Because we love her

Writers have their own brand of tunnel vision when they lose someone.
We sit in our preferred pose – be it in front of a keyboard or with pen in hand – and try to pour our souls out in words.
Sometimes they come in fits and starts, sometimes in one fluid motion, sometimes not at all. What’s cathartic for us may not be all that interesting to anyone else, but that rarely stops us.
Because what’s important about the people we love the most is that people carry on with their best traits, that we don’t lose sight of why we let people make a mark on our world.
We don’t get to pick our family, it’s true, but we can choose who takes the best pieces of our hearts.
So we write about the memories of a woman with a biting wit – of the sort that could drop a lesser-armed opponent in the war of words with just one.
Memories of a woman who could laugh . . . and laugh . . . and laugh.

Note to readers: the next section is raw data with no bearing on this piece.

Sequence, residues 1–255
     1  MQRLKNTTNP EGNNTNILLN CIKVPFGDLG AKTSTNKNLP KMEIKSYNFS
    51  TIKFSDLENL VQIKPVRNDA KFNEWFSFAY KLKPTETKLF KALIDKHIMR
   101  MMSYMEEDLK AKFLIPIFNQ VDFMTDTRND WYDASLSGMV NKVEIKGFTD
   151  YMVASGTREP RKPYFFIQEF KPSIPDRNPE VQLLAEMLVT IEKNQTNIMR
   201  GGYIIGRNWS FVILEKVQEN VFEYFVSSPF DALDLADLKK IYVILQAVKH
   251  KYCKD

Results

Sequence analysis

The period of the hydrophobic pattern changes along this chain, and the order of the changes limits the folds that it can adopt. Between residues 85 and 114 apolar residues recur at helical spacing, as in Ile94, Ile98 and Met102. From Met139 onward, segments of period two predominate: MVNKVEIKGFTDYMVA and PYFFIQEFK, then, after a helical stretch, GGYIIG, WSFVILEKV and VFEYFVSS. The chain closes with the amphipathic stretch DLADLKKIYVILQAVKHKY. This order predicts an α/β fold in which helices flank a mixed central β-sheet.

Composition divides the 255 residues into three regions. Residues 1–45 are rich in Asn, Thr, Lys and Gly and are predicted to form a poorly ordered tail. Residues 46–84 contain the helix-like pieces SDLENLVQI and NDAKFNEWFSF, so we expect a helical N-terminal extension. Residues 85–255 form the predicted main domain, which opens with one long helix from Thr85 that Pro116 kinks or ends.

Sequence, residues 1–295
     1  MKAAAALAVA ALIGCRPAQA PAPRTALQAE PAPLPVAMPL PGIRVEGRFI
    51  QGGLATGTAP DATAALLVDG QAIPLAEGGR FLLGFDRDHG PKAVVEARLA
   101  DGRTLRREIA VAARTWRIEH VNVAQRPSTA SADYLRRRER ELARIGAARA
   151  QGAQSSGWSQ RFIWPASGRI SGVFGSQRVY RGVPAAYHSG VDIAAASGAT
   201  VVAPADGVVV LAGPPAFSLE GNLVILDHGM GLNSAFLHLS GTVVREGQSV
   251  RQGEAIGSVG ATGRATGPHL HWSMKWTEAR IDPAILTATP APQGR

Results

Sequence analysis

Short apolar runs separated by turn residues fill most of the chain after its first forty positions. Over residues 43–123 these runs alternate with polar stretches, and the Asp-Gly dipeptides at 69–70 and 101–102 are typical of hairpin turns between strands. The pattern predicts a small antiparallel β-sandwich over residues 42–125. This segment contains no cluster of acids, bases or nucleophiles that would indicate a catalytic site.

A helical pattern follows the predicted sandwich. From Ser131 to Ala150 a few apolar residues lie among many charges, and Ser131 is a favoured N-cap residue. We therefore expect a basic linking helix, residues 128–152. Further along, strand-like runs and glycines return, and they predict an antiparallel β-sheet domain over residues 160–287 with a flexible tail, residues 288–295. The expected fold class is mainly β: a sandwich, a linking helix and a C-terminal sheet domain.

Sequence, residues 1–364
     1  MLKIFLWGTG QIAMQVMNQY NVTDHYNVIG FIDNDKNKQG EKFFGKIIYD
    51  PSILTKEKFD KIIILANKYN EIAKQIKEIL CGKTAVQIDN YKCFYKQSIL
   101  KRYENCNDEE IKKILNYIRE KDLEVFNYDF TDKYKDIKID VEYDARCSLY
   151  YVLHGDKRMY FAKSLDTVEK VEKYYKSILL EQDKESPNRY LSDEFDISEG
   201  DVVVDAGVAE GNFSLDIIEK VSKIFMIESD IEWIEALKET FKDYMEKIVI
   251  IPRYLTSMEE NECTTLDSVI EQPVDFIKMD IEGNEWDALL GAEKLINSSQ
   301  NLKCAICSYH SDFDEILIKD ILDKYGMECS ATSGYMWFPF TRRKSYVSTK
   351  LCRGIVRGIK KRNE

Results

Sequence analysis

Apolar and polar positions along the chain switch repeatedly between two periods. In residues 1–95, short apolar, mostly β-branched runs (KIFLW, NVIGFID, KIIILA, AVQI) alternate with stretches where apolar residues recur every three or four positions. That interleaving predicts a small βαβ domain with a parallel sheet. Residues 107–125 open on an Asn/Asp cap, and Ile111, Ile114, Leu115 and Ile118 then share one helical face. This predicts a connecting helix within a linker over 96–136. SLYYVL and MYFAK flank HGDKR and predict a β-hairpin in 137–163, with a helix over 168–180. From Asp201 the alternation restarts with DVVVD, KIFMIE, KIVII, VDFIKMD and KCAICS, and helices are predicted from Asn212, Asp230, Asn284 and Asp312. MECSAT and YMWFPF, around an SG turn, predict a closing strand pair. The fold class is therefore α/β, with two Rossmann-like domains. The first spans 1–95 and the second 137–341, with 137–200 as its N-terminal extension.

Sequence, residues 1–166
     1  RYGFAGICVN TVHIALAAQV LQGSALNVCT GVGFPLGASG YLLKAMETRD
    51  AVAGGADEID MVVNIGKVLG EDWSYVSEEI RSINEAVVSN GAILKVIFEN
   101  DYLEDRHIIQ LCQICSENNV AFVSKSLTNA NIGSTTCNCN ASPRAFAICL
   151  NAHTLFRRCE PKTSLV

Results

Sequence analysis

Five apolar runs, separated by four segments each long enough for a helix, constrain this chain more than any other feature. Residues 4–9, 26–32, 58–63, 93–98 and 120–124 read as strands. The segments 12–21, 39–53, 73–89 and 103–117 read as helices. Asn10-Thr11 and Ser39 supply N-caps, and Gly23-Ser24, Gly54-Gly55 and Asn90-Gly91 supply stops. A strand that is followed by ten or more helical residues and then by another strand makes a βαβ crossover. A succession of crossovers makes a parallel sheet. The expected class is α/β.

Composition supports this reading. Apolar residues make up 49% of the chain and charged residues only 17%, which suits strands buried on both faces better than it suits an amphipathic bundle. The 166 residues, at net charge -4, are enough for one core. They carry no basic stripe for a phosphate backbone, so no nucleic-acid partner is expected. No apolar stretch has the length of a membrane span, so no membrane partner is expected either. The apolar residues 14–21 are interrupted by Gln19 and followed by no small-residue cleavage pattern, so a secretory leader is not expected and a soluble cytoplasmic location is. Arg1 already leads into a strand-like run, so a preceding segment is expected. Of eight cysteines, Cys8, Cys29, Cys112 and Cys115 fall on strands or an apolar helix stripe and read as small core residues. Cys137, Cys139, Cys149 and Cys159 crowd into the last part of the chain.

We want to tell the world that she was a woman who snuck cookies to her great-grandchildren for the simple reason that children need cookies.
We want you to sneak cookies to your great-grandkids, or your grandkids, or even your own kids because let’s face it – we can’t put them in a bubble.
She was a woman who accepted her grandchildren despite their liberal leanings, not because of them.
And so we want to tell you to accept your children, your grandchildren, for being different – but don’t be afraid to let them know how you feel.
You can pester and badger and tease and still love. And if you want to teach your great-grandchild to say something that will drive their mother crazy, it’s OK, she’ll know you love her.
She was a woman who didn’t believe in doing things she had to, but delighted in doing them because she wanted to.
It’s easy to get caught up in the platitudes that come in the days following a loss – “she’s in a better place,” “these things just happen,” “time will heal.”
None are true and all are true at the same time – and although she was too much of a lady to cross her eyes and stick out her tongue, she would have grinned when I did both.
She was proud, and she was private.
She was proud of me, and she always let me know it.
That’s why, for the first time, I’ve obeyed her wishes – I decided not to include her in my column.
But I realized I couldn’t do it. Because here I am, writing.

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